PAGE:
Cotton Patch Cafe Comes to Claremore: Tom’s Thoughts

by Tom Fink

Rogers County’s newest restaurant has brought a little bit of Texas to Claremore. Following months of anticipation and preparation, Cotton Patch Café opened its doors to the public last Tuesday, offering Southern comfort food, and hand-battered, fried goodness to all. After waiting a few days to allow the “first week” crowds to diminish, we visited the latest restaurant on Claremore’s culinary landscape Saturday night and were impressed from the moment we first pulled into the parking lot to the moment we left, feeling satisfied and well-looked after.

From the moment you open the front door and are greeted with the message “Being here feels like coming home” written on a wall decorated with barnwood, everything about Cotton Patch Café feels like being welcomed into the home of a southern relative. Much of the décor was reminiscent of a style I’d describe as “farmhouse/ industrial,” utilizing natural barnwood wherever possible, exposed ductwork, and chandelier lighting with the bulbs covered in modified Mason jars. Behind the bar, four big-screen televisions, all set on sports channels, played in unison, and in the room with additional dining, a giant-screen TV also played sports, and the tables were set under a dropped ceiling decorated with a patchwork of faux metals — copper, tin, and more, and throughout the restaurant, country and western music could be heard playing, audible, but not so loud as to be distracting or disruptive to a conversation. “Is this your first time at Cotton Patch?” we were asked, while being seated after a minimal wait. “Yes, it is, thank you,” I answered.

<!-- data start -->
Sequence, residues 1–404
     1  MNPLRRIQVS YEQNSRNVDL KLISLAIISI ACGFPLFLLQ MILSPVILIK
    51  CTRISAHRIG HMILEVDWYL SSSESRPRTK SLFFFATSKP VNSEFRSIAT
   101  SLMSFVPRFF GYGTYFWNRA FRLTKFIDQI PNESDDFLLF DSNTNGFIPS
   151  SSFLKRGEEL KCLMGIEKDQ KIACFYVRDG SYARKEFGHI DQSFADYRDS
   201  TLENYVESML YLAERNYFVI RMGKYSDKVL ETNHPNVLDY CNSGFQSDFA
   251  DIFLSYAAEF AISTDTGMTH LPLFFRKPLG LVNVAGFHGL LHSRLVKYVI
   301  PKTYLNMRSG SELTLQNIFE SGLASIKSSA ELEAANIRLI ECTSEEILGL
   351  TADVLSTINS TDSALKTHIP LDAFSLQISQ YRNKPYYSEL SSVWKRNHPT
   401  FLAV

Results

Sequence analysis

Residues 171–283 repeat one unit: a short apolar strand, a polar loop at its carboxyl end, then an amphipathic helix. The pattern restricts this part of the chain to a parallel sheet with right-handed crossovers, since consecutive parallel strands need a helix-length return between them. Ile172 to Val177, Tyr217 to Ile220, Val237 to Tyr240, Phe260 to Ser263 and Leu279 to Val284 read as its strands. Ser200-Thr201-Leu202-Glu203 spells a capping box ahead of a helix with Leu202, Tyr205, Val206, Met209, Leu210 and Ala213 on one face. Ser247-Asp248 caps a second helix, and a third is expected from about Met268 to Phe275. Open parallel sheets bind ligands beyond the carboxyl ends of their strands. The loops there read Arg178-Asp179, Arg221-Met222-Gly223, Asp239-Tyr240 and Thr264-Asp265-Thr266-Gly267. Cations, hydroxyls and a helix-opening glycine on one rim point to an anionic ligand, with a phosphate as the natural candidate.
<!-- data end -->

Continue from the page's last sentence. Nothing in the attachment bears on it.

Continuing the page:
Our waitress for the evening, Virginia, was prompt and polite, continuing the “at home” atmosphere, helping us where we needed assistance in making our selection, being attentive to our thoughts and making suggestions accordingly. After a few moments, we settled on our choices — I opted for the most southern thing I could find on the menu: chicken fried steak with sides of fried mushrooms and green beans, and my wife ordered the blackened tilapia, served on a bed of rice, fried okra, and garlic mashed potatoes. As we waited for our order, we were treated to some of the best rolls I’ve ever had — brown without being overcooked, and golden and soft without being doughy — exactly what my southern grandma would have made, had she been from the south and been able to cook. The meal itself was spot-on satisfaction, with the large chicken fried steak sporting just enough gravy made from scratch to accent the taste of the savory beef without overwhelming it, and the breading to beef ratio couldn’t have been any more perfect. Flanking this meal-in-itself chicken fried steak were the fried mushrooms, not spicy, but with a satisfying flavor, and the green beans, which — to my pleasant surprise — were prepared with bits of real bacon. As for my wife’s meal, I can only base this review on her reaction which was nothing short of “extreme satisfaction,” eliciting numerous smiles, thumbs up, and happy nods.

Halfway through our meal, one of the restaurant’s trainers, Barbara, I believe her name was, checked on us (as well as other customers) to make sure we were being taken care of. Following our meal, which we couldn’t finish on sight because of the portions, we took our desserts to go — coconut cream pie and blackberry cobbler, both of which were still as delicious the next day as if we’d eaten them the night of our meal.

Bottom Line: With as many good restaurants as Claremore already has, it can always use more, and Cotton Patch more than fills that niche. Excellent service, delicious food, courteous and thoughtful staff, down home atmosphere, and an overall very pleasant dining experience. Highly recommended. On the way out the door, I found the girl who took us to our seat to make the following comment: “You asked us if this was our first time at Cotton Patch? Yes, but I can tell you, it won’t be our last.”

Cotton Patch Café is located at 820 S. Lynn Riggs (SH66) Boulevard in Claremore.

by Tom Fink

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